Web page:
The simple version is a trader inside JPM was able to take advantage of lax oversight procedures within the bank as well as several human errors by people who were supposed to be watching the bank’s risk, and made a huge investment in credit default swaps that went bad.
Credit default swaps are somewhere between an insurance contract and a naked gamble:
If a company owes you money, and you are worried they might go broke and not pay you, you can buy a credit default swap from a bank. This means you will pay a small premium every month to the bank, and in return, the bank promises to pay you if the company that owes you defaults on its debt to you. In this way, its like insurance
However, I can go that bank and also buy a credit default swap, meaning I pay a little to the bank every month, and if the company that owes you money doesn’t pay you, I also get a big payout from the bank, even though that company didn’t owe me anything. I was just making a bet that your debtor would default.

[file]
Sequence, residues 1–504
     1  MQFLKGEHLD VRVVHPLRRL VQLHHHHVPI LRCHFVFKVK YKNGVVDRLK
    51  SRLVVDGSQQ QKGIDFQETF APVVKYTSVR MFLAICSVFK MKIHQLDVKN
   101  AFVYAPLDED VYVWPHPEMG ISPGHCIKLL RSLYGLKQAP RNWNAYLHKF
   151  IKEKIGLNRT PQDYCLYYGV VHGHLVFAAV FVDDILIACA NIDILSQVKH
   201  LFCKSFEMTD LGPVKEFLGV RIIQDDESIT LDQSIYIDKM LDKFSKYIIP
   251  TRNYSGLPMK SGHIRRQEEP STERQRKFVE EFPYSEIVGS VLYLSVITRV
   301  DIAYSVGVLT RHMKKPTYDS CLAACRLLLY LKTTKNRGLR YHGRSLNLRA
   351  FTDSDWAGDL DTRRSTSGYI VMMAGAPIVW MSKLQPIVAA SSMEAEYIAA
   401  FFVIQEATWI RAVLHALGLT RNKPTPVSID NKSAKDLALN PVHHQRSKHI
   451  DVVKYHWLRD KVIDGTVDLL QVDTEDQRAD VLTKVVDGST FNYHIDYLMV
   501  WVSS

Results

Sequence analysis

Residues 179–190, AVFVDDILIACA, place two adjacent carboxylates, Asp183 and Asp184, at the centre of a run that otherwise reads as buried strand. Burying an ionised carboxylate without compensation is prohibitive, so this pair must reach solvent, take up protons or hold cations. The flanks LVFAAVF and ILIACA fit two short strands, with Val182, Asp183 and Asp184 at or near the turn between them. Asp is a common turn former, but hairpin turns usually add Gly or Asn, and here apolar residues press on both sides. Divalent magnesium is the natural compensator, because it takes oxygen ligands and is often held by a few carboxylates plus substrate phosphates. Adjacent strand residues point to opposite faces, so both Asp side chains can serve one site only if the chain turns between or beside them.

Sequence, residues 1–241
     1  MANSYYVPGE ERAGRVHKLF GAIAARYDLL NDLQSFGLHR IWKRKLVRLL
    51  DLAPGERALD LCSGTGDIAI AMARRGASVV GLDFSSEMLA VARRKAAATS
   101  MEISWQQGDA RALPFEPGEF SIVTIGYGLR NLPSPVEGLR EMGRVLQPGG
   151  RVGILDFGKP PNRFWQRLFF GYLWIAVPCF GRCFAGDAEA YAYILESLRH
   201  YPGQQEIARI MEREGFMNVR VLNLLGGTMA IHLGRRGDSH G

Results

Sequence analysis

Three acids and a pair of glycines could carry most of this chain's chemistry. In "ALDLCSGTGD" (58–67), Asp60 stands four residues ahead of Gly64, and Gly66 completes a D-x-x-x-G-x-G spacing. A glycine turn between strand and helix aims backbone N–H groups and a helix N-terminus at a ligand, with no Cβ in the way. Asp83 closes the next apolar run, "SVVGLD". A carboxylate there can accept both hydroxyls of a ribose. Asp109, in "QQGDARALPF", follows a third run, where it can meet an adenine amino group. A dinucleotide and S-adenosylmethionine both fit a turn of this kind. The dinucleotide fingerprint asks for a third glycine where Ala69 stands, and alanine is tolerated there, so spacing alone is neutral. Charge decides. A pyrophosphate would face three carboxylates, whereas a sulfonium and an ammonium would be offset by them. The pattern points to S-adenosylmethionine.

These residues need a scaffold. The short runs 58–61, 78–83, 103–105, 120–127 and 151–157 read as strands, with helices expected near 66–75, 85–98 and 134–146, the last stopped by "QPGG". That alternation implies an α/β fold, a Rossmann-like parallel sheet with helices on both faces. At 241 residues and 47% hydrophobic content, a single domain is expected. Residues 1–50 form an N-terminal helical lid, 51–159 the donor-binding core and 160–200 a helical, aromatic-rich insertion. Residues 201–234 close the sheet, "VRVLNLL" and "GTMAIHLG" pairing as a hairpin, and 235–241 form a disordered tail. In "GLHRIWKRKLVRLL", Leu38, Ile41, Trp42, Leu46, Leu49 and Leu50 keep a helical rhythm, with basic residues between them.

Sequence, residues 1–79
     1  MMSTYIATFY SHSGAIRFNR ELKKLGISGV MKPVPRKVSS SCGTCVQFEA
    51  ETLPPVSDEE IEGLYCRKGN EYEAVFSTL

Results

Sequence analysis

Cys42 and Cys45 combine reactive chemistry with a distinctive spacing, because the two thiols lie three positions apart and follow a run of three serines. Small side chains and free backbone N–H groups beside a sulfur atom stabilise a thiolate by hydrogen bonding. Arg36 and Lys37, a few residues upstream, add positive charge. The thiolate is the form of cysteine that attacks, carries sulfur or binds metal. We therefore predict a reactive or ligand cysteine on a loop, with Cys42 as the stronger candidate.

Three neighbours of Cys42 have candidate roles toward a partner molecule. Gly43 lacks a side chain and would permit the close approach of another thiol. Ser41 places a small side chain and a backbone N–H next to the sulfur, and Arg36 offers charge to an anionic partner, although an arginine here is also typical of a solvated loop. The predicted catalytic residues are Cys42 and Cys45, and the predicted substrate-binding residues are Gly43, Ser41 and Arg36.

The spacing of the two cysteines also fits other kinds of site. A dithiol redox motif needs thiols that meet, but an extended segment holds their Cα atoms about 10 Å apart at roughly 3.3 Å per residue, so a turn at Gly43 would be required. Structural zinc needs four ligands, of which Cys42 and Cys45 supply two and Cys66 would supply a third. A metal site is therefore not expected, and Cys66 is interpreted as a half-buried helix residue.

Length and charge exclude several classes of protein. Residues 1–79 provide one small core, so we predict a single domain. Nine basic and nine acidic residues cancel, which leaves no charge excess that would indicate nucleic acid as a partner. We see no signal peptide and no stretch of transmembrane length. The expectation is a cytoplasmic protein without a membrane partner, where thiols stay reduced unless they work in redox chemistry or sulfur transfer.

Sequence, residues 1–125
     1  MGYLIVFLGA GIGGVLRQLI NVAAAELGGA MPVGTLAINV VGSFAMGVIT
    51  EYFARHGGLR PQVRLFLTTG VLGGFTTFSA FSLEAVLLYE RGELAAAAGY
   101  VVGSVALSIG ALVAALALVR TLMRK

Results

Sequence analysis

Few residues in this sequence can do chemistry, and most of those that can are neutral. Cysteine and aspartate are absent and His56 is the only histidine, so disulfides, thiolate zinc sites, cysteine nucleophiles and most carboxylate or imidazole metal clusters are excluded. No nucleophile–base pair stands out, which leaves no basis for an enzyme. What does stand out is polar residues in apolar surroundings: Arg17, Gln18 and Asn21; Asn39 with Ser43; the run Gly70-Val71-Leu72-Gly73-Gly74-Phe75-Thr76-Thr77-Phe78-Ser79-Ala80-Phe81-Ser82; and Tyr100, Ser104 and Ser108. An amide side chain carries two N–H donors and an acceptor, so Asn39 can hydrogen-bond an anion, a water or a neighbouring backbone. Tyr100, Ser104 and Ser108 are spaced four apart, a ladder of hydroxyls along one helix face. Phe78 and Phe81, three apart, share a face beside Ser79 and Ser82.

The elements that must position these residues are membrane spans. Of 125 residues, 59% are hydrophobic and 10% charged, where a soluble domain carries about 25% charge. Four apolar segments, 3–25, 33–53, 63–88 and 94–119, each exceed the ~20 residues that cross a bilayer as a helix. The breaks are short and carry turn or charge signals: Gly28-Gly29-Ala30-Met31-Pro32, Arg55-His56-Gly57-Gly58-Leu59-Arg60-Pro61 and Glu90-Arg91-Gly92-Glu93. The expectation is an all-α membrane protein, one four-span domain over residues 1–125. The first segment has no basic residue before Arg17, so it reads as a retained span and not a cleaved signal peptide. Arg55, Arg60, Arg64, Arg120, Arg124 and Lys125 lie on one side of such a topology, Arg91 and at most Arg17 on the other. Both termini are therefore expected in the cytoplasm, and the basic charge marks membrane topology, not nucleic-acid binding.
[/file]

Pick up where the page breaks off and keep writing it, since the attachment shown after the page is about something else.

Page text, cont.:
The London Whale sold billions of dollars worth of these credit default swaps, which worked out fine so long as they were just collecting the monthly payments for a profit. But then credit markets changed, and they began to look like they would have to pay out and would lose money. The London Whale essentially doubled-down in an effort to support the prices for the credit default swaps, thinking he could ride out a temporary downturn in the market. This didn’t work out, and the bank lost billions on the position.